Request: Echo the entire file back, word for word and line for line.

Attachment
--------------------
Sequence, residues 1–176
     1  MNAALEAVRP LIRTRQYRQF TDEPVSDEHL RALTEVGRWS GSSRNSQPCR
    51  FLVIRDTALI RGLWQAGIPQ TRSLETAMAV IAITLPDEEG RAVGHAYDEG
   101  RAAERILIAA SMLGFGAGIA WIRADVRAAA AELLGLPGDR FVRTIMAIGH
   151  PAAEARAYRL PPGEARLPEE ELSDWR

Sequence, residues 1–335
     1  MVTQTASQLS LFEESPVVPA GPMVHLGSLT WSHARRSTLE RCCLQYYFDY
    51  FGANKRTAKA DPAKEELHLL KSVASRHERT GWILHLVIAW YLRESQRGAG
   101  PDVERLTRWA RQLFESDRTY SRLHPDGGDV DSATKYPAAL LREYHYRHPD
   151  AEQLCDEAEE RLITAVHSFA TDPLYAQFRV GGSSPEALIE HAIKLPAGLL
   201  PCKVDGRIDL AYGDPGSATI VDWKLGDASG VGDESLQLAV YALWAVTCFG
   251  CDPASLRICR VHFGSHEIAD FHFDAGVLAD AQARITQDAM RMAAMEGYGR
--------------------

Sequence, residues 1–176
     1  MNAALEAVRP LIRTRQYRQF TDEPVSDEHL RALTEVGRWS GSSRNSQPCR
    51  FLVIRDTALI RGLWQAGIPQ TRSLETAMAV IAITLPDEEG RAVGHAYDEG
   101  RAAERILIAA SMLGFGAGIA WIRADVRAAA AELLGLPGDR FVRTIMAIGH
   151  PAAEARAYRL PPGEARLPEE ELSDWR

Sequence, residues 1–335
     1  MVTQTASQLS LFEESPVVPA GPMVHLGSLT WSHARRSTLE RCCLQYYFDY
    51  FGANKRTAKA DPAKEELHLL KSVASRHERT GWILHLVIAW YLRESQRGAG
   101  PDVERLTRWA RQLFESDRTY SRLHPDGGDV DSATKYPAAL LREYHYRHPD
   151  AEQLCDEAEE RLITAVHSFA TDPLYAQFRV GGSSPEALIE HAIKLPAGLL
   201  PCKVDGRIDL AYGDPGSATI VDWKLGDASG VGDESLQLAV YALWAVTCFG
   251  CDPASLRICR VHFGSHEIAD FHFDAGVLAD AQARITQDAM RMAAMEGYGR